Val is a life-long student of unexplored human potential and many challenges that self-honesty throws at us on that path.
Many people will walk in and out of your life, but only true friends will leave footprints in your heart.
-- Eleanor Roosevelt
Lonely Immigrant Hearts
While solitude and loneliness may be synonymous with each other, in this article I am making a distinction between them -- loneliness to mean what it usually means -- a sad state, whereas to solitude I am assigning a somewhat spiritual character.
O.K., let me start doing it from little afar, actually several decades back in time, when as young immigrants my wife and I saw our first home turn into some sort of a popular "coffee place".
The news about the presence of these fresh newcomers must have spread very fast in our ethnic community, for sooner than we realized what was happening, our new "friends", acquaintances, neighbors, even neighbors' friends -- started frequenting at our place "because my wife was making such a good coffee".
Well, truth be told, at first we liked it, we needed company, a lot of company, especially of those of our origin, to fill that sad void in our hearts, after having left a big family behind, along with the only world that we had known.
If you never moved to another continent with another language spoken, now you may make an effort to empathize, because any prospects of a quick adjustment looked bleak as could be. Coming from a society with a predominant mentality of "everyone living everyone else's life", the cold western materialism kept hitting us at places where we were most sensitive.
Loneliness creeped up in our hearts, and I remember my wife crying a lot over letters that she was writing, in which she kept promising our return "as soon as we would make enough money for the plane tickets".
Well, that never happened, and instead we found the only remedy that was available -- a lot of people who liked coming over and inviting us to their places. That ice started melting in our hearts, but, as our friends were increasingly becoming a little too much to handle, we knew that the remedy would soon stop being effective.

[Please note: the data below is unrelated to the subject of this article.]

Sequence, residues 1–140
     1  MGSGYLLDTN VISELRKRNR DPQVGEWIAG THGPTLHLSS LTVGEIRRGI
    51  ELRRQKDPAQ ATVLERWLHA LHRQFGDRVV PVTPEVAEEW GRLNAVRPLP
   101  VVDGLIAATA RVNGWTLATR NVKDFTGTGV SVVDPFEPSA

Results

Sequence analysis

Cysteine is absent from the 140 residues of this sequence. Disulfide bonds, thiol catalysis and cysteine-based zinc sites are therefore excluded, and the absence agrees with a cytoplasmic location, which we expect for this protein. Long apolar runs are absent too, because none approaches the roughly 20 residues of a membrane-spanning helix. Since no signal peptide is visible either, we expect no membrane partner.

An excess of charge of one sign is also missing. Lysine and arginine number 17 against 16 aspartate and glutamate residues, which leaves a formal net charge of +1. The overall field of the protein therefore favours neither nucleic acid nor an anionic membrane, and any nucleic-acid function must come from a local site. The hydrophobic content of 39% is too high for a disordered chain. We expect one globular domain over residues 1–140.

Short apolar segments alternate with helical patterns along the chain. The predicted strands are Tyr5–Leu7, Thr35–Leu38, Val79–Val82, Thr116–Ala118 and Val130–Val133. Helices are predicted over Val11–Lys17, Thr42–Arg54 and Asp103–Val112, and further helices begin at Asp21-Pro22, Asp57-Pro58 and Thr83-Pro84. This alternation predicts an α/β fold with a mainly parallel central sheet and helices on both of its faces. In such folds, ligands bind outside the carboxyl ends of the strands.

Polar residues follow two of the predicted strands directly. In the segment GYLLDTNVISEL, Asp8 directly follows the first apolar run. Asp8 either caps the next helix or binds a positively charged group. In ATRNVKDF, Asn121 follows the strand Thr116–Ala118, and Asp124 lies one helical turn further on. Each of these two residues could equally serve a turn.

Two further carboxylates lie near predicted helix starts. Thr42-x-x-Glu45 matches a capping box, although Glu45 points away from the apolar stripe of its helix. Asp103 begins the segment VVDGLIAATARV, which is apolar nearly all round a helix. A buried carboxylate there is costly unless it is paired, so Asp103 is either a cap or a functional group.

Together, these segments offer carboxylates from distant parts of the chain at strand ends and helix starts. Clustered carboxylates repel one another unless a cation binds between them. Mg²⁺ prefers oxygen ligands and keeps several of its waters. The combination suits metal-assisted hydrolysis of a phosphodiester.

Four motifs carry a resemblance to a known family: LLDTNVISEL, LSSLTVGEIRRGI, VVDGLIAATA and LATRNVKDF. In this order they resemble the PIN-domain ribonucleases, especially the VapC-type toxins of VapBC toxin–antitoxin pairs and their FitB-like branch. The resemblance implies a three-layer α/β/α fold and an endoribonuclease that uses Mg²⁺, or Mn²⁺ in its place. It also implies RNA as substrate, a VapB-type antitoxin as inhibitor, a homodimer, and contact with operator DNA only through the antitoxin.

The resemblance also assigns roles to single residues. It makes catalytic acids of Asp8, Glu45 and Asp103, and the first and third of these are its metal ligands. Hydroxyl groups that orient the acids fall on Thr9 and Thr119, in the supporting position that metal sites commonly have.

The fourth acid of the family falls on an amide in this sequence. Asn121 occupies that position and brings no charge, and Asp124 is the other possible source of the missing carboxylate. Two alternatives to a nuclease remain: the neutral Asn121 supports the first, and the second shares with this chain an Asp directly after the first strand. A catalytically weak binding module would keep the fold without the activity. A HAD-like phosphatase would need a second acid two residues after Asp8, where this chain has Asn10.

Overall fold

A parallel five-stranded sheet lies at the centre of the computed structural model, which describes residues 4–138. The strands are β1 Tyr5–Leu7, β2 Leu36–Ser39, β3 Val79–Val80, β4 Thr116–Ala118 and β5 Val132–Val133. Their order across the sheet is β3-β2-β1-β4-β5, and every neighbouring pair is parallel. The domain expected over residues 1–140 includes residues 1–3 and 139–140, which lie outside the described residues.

Like the saying goes: "Too much of anything good is not good".
Especially so, as we started realizing how those multiple visitors actually needed our emotional support more than we needed theirs.
Namely, the great majority of them were of a mentality prone to boredom and nostalgic reminiscing that was resembling depression, with almost an openly expressed regrets that they ever had left the beloved homeland.
Since as early as I can remember myself, I have been an easy going dude with a natural knack for empathizing, and that was an additional thing, other than that "good coffee", which was attracting them in such a multitude. How could I ever forget one guy, in particular, telling me how I was a "brother that he never had."
Then we found a better place for ourselves at the far side of the city, and many of those "coffee customers" asked of us to call them as soon as we would get our phone connected.
I care for myself. The more solitary, the more friendless, the more unsustained I am, the more I will respect myself.
-- Charlotte Bronte
Pleasant Surprise of Being Left Alone
For quite a while we enjoyed the change of having no visitors and visiting no one, while focusing on more practical aspects of life. Eventually we got to know a couple of families with whom we stayed friends to these days.
However, the above story was meant to show how not socializing doesn't necessarily mean being lonely. People are prone to view loneliness as a sad extreme, while idealizing those scenarios of a dynamic social life.
Well, life is hardly ever so generous as to cater to us with anything "ideal", and seeking something of that kind is bound to keep us disappointed. And then, there is something about spending time alone that deepens our souls -- which I was beginning to appreciate more and more those days.
Now, not that I hadn't experienced those moments of pleasant solitude before in life. Even as a teenager, I used to seek a quiet ambient, maybe climbing the forested mountain at the edge of the city, or sitting alone by the river and just watch the water pass while philosophizing to myself about life.
As we left all that big bunch of people behind, we somehow also stopped missing the big family in our native country all that much. Suddenly, there we were surprising ourselves upon realization how enjoyable it was not to be witnesses anymore to so much family drama -- which was actually a small part of our decision to emigrate.
But people are funny -- you leave the family because you want more space for yourself -- then you miss them -- to finally arrive back to that realization about the need for your space. Then you reserve missing them mostly for special days like Christmas, kids' weddings, birthdays, that stuff.
For the first time ever in our respective lives, we both started appreciating solitude, which now meant privacy, not isolation.